MILITARY -- June 10, 2010 at 3:20 PM ET
More Tombs of the Unknown? Army Admits Misidentifications at Arlington
Updated 4:22 p.m. ET | At least 200 remains in Arlington National Cemetery have been misidentified or misplaced, according to a report released Thursday that brings into question burial and maintenance procedures at what Army Secretary John McHugh calls "the most sacred place on this planet."
McHugh told a Pentagon news conference that the investigation found 211 graves where there were problems of misidentification or improper record keeping. The Army plans a more thorough investigation of the gravesites in question.
McHugh said there was "simply no excuse" and apologized for the findings detailed in an Army inspector general's report, saying the Army owes better treatment to veterans and their family members who are buried there.
"While the Inspector General's team found that ANC employees - under an extraordinarily high operational tempo of 27 to 30 funerals a day - performed their jobs with dedication and to a high professional standard, they also found them hampered by dysfunctional management, the lack of established policy and procedures, and an overall unhealthy organizational climate," McHugh said. "That ends today."
Asked what the most depressing part of the investigation was, Lt. Gen. R. Steven Whitcomb, the Army's inspector general, responded that it was depressing that the final act for the fallen was not a "zero-defect operation" as intended. Whitcomb said that was a burden he and McHugh carry, but they're moving forward with plans to remedy the problems.
John Metzler, Jr., the cemetery's superintendent, will remain on the job for another three weeks until he retires. McHugh released a letter of reprimand he wrote Metzler based on the inspector general's findings. The deputy superintendent is on administrative leave pending a disciplinary review following the release of the findings.
The inspector general's report also details instances of discrepancies between burial maps and gravesites plus improperly marked graves:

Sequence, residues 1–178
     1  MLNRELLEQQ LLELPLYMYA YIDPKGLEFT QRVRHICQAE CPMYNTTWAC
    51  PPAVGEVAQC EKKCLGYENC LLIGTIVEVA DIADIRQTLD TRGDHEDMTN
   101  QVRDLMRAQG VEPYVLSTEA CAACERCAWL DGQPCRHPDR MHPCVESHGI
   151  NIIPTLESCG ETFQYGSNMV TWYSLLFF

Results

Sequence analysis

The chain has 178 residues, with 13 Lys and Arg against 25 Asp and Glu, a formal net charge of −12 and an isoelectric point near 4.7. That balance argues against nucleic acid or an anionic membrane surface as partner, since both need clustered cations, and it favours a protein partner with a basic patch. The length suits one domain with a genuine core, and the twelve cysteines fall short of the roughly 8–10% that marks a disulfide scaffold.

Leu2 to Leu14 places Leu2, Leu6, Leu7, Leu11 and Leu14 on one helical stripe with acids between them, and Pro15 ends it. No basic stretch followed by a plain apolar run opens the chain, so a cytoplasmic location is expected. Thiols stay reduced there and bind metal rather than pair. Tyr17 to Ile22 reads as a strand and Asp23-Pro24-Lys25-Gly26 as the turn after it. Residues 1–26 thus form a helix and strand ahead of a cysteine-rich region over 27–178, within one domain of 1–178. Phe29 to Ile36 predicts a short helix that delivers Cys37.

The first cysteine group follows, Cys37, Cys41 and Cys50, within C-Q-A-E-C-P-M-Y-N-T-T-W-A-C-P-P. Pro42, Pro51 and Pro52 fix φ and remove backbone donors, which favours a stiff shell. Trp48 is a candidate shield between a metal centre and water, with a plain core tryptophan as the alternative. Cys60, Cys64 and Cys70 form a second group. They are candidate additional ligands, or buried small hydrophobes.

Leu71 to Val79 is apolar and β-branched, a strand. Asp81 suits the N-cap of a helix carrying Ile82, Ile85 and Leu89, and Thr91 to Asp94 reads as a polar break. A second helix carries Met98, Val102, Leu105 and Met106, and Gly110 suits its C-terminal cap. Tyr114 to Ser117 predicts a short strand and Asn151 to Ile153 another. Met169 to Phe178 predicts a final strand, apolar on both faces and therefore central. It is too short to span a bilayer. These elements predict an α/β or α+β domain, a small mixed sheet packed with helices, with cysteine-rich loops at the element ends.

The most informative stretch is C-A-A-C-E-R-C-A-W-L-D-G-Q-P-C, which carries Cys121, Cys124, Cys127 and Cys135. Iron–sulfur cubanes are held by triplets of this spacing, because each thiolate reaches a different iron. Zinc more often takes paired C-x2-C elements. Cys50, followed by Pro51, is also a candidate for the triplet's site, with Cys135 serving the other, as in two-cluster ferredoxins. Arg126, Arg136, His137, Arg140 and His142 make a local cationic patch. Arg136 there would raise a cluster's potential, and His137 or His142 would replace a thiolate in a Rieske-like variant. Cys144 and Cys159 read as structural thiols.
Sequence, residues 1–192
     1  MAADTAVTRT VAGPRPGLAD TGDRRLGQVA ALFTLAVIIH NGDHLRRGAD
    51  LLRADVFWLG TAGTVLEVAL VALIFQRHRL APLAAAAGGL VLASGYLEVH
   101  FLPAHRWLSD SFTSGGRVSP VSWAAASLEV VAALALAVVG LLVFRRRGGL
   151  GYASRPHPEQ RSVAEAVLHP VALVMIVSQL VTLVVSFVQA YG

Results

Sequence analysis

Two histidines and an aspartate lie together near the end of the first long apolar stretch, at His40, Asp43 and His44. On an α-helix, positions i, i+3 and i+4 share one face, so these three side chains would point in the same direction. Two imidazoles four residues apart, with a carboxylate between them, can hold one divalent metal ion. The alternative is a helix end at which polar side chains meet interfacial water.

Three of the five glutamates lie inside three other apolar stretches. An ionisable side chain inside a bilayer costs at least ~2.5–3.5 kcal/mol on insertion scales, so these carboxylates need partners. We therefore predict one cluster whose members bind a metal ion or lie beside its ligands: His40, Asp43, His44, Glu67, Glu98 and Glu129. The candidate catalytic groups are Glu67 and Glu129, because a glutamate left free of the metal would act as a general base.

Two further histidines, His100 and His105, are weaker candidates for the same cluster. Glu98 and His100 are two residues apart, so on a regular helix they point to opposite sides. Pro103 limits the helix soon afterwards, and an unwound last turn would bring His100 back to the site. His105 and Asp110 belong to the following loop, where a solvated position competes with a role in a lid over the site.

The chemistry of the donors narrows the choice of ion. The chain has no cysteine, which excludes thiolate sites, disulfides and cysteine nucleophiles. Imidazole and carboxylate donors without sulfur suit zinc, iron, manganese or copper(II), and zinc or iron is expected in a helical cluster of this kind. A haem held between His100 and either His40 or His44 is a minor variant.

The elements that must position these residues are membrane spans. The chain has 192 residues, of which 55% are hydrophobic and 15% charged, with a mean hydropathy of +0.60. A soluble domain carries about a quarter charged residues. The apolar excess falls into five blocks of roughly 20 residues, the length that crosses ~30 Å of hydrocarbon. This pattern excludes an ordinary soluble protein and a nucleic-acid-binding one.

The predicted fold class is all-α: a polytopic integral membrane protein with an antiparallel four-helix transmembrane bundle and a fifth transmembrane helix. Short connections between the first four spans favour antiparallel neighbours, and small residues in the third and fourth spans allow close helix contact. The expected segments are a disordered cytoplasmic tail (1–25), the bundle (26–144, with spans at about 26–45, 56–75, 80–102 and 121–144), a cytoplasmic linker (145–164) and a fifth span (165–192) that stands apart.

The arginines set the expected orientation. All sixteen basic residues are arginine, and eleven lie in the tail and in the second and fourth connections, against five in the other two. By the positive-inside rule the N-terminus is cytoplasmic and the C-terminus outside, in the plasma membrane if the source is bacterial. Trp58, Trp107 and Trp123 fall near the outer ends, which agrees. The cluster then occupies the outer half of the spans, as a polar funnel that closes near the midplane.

During a walk-through of one section, the [investigating officer] identified that ANC was not marking all of the remains of family members interred in the same gravesite (after recent interments). ANC does not currently have a policy with respect to the marking of graves.
Cremated remains were sometimes improperly handled, even being relocated to an area of the cemetery called "the spoils," where excess dirt from gravesites is stored and then used to fill in other gravesites after burials:
Evidence identified at least four occasions when urns of remains were found in the ANC spoils area. These cremated remains were presumably removed from gravesites by mistake and deposited in the spoils area during the preparation of gravesites for burials of other family members. One set of cremated remains were re-buried as "unknown" because there were no identifying marks on the urn. In still another case, an urn of cremated remains was recently discovered in the spoils area during the [inspector general's] investigation. The past and recent instances of the mistaken removal of cremated remains from ANC gravesites are indicative of Mr. Metzler's failure to adequately address this issue.
More than 330,000 veterans and their family members are buried at Arlington, dating as far back as the Civil War to as recently as the wars in Iraq and Afghanistan.
In addition to implementing proposed fixes in the investigation and inspection reports, McHugh announced major changes in Arlington's management and oversight, appointing Kathryn Condon to the new position of executive director of the Army National Cemeteries Program, whose duties will include oversight of cemetery management, reviewing and updating policies and procedures.
An Army National Cemeteries Advisory Commission will also be established to review policies and procedures. Former senators and Army veterans Max Cleland and Bob Dole will spearhead that effort.
In 2007, the NewsHour profiled contributors to a book about Arlington National Cemetery entitled, "Where Valor Rests." Watch the report: